Thursday, April 16, 2015

Dan Farrell dies, took photo of JFK Jr saluting his father's coffin

Dan Farrell, whose photograph of a young John F. Kennedy Jr. saluting during the 1963 funeral ceremonies for his slain father became one of the most memorable images surrounding the Kennedy assassination, died April 13 at a hospital in Rockville Centre, N.Y. He was 84.

The cause was pneumonia, said a son, Daniel M. Farrell.

On Nov. 25, 1963, Mr. Farrell was on assignment in Washington for his newspaper, the New York Daily News, covering the funeral of President John F. Kennedy, who had been killed three days before in Dallas.

After beginning his day at the U.S. Capitol, Mr. Farrell moved to a spot across from St. Matthew’s Cathedral in downtown Washington. He stood on a crowded flatbed truck alongside scores of other photographers, about 150 feet from the cathedral’s front door.

Fifty years later, Mr. Farrell recalled the scene in an interview with the Daily News.

“It was the saddeset thing I’ve ever seen in my whole life,” he said.
When the mourners emerged from the cathedral, Mr. Farrell trained his Hasselblad camera on the Kennedy family. As the president’s coffin was placed on a horse-drawn caisson, his widow, Jacqueline Kennedy, leaned down and said something to her son. It happened to be his third birthday.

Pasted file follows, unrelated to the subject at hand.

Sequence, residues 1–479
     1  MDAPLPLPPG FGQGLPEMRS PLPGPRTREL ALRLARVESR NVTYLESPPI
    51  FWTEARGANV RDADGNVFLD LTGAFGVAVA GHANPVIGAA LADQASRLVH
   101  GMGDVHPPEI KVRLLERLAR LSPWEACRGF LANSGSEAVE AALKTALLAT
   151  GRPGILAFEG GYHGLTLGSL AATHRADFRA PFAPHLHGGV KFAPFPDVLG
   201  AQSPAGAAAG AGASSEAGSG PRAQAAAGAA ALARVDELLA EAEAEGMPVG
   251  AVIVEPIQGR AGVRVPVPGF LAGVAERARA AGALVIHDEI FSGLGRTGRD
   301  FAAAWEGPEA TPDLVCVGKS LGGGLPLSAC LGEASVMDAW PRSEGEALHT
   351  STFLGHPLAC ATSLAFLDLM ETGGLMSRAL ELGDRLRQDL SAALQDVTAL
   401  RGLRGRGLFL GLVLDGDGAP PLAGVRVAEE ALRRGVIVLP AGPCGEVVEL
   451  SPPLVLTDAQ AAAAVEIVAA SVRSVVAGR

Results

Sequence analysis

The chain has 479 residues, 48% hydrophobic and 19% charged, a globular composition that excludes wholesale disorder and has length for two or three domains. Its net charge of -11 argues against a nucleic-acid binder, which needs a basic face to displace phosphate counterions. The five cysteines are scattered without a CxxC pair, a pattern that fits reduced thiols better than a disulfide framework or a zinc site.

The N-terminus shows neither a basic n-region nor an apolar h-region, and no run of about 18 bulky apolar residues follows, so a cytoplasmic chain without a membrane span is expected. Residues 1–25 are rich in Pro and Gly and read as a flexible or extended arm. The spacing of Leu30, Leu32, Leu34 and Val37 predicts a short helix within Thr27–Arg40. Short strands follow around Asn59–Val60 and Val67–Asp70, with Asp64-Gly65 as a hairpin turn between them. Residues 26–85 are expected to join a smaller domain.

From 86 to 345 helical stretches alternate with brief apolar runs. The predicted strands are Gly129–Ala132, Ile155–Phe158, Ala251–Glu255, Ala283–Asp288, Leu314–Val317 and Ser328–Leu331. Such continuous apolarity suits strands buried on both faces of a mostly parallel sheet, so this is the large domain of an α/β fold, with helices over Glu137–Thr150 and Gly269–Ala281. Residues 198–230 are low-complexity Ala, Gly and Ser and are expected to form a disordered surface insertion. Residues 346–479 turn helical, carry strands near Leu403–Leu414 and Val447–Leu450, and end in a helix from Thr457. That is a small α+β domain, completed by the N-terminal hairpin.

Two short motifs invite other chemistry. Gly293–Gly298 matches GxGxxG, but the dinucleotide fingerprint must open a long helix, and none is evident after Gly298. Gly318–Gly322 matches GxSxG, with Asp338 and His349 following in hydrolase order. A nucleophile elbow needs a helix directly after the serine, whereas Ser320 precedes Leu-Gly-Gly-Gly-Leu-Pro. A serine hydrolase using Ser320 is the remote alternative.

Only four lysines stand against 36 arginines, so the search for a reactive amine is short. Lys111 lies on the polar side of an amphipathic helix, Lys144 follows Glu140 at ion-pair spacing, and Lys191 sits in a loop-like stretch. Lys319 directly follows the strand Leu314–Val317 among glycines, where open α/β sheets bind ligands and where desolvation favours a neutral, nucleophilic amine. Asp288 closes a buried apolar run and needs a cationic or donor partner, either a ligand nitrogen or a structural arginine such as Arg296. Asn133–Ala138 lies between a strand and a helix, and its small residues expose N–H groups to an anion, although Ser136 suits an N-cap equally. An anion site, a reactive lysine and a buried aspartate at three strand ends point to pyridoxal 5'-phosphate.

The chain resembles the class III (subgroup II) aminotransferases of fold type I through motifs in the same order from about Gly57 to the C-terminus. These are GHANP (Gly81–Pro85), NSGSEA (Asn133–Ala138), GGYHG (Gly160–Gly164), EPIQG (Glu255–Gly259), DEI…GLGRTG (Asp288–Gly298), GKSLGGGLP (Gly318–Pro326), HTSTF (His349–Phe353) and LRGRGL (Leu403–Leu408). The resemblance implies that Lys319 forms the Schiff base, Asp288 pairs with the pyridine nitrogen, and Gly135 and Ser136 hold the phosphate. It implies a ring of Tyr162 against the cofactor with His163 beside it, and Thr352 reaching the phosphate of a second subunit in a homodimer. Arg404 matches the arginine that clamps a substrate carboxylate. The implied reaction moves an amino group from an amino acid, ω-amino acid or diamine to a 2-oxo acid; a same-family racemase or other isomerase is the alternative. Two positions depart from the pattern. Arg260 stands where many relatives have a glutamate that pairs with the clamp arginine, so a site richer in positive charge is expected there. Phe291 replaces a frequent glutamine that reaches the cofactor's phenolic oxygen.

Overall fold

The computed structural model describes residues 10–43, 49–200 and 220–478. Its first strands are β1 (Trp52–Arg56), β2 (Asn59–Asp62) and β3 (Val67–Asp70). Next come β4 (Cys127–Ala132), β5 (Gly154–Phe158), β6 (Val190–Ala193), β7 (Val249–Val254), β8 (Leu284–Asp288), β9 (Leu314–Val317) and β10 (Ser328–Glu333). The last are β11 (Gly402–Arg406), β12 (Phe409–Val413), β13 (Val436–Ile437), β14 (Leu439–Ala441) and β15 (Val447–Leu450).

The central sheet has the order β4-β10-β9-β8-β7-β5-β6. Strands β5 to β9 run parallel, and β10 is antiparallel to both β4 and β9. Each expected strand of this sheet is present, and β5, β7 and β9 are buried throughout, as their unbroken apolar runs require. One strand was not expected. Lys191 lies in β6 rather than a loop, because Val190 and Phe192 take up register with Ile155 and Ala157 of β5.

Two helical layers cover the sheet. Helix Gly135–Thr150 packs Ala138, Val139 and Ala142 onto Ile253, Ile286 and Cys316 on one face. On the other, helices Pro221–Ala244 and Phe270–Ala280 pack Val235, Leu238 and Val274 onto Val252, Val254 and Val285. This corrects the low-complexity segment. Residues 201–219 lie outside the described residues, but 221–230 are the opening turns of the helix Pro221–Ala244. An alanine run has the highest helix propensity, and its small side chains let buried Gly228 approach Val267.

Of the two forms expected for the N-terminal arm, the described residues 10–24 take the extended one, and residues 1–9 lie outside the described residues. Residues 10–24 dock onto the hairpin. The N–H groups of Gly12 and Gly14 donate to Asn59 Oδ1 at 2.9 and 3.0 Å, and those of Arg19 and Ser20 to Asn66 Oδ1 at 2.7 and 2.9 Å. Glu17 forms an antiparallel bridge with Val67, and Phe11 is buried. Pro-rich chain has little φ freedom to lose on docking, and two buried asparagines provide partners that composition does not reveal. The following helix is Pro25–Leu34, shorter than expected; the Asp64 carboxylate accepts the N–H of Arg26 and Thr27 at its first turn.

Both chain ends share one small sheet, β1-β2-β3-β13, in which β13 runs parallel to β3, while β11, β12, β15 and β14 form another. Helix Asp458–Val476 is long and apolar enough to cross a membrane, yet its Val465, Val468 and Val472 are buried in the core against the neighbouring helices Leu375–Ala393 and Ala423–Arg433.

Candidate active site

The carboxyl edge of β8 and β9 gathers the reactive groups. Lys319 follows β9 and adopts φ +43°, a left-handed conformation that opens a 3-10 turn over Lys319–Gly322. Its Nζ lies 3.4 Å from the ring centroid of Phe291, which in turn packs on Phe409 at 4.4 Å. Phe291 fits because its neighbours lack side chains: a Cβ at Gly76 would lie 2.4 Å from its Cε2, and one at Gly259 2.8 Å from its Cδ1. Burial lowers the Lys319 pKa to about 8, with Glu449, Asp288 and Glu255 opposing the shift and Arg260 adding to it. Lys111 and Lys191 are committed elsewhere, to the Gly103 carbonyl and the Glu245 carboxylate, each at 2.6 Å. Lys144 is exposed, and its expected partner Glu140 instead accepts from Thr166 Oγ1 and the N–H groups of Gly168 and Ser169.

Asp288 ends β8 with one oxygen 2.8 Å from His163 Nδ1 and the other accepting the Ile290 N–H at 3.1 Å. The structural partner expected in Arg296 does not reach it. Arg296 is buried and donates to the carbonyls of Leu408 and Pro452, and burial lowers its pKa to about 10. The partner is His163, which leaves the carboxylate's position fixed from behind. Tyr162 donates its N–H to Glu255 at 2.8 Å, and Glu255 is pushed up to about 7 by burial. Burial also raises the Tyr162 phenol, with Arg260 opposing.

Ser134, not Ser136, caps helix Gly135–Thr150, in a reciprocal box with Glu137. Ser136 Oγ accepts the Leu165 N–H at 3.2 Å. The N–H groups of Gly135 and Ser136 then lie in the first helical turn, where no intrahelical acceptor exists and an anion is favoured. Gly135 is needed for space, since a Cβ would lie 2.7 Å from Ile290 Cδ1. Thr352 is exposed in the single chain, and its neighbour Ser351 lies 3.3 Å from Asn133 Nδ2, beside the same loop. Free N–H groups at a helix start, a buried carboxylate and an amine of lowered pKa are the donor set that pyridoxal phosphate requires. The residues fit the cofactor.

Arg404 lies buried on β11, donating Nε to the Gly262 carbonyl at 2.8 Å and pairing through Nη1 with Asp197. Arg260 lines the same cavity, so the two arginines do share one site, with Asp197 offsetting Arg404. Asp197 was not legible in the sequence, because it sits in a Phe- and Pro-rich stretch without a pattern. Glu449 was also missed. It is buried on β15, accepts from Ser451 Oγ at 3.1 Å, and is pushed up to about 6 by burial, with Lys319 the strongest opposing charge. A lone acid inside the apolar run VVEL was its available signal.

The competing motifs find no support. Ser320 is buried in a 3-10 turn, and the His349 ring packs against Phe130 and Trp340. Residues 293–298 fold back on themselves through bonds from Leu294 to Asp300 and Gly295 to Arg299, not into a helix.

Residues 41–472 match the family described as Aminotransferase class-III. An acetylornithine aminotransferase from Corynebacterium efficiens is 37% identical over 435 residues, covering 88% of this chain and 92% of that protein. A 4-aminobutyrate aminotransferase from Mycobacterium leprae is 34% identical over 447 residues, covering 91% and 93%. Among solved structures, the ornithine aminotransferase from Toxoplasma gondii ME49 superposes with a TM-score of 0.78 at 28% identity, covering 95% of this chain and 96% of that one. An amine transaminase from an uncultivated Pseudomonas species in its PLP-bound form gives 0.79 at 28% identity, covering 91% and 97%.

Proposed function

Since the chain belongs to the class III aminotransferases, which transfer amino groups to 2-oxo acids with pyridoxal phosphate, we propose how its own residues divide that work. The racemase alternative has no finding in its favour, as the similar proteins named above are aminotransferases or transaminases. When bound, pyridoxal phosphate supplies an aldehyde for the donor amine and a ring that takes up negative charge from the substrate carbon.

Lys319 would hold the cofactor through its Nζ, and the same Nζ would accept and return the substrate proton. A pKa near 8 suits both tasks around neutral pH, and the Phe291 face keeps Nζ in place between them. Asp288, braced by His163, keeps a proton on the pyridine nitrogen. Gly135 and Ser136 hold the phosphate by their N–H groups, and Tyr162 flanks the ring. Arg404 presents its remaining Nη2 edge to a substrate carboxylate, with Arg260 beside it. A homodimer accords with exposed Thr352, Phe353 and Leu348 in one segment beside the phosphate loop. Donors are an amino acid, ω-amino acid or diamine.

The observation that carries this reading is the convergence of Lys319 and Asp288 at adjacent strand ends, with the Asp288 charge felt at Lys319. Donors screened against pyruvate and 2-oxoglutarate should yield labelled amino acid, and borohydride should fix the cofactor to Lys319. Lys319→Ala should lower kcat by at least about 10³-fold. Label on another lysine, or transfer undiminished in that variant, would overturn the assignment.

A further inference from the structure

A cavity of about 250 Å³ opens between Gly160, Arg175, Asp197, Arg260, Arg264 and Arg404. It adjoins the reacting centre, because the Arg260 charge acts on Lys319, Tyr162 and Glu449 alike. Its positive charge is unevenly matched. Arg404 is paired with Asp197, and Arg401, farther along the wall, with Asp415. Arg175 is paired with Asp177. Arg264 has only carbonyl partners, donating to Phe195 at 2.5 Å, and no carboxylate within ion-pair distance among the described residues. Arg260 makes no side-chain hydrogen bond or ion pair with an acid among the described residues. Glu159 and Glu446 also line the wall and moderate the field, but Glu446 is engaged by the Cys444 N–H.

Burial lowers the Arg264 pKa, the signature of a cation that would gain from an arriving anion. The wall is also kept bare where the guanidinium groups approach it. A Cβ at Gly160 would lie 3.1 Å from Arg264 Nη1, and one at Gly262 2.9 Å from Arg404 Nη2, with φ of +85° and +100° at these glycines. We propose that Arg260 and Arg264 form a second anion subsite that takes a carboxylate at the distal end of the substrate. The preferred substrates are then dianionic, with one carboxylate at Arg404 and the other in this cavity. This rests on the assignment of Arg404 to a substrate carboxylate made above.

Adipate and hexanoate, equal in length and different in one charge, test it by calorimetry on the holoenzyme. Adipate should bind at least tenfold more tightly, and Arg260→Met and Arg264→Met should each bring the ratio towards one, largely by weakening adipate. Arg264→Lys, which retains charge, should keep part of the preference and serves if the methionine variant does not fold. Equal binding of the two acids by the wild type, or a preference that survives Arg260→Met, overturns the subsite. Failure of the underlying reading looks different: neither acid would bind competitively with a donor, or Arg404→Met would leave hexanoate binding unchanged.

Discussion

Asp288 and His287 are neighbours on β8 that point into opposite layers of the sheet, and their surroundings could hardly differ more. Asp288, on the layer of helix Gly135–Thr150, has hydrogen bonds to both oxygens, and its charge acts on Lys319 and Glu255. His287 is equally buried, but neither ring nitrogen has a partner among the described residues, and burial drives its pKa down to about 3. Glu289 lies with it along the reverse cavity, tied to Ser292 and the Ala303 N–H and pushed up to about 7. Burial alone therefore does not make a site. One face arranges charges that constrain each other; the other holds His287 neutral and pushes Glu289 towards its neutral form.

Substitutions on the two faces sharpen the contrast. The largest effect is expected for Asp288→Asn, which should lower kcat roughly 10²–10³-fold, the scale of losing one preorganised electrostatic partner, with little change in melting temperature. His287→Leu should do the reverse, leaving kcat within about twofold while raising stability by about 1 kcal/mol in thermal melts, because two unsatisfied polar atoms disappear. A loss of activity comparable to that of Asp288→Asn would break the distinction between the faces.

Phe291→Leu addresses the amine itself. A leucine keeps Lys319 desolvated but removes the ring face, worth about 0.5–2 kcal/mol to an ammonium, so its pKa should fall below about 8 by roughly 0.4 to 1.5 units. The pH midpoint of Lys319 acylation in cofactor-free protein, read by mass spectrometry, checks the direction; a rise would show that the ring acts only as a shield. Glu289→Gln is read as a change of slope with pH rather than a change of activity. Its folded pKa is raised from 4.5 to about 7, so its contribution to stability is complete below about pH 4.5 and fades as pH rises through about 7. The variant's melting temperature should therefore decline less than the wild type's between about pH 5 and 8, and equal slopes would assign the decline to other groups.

Mr. Farrell was watching through a telephoto lens.
“She said, ‘John, salute,’ ” he recalled in 1999. “He didn’t respond at first. I took a deep breath. She said, ‘John-John, salute.’ ”

The young boy, wearing a light blue jacket and short pants, stepped forward and raised his right hand to his brow. Mr. Farrell snapped just a single frame.
Other members of the president’s family, including his widow and brothers, are visible in Mr. Farrell’s original picture, but it is dominated by the quiet gesture of its smallest figure.

The moment was captured on newswreel film and by at least one other photographer, Stan Stearns of United Press International. Mr. Farrell’s photograph, sometimes cropped to show only John Kennedy Jr., was sent out on the Associated Press wire service and became an enduring symbol of one of the most solemn days in the country’s history

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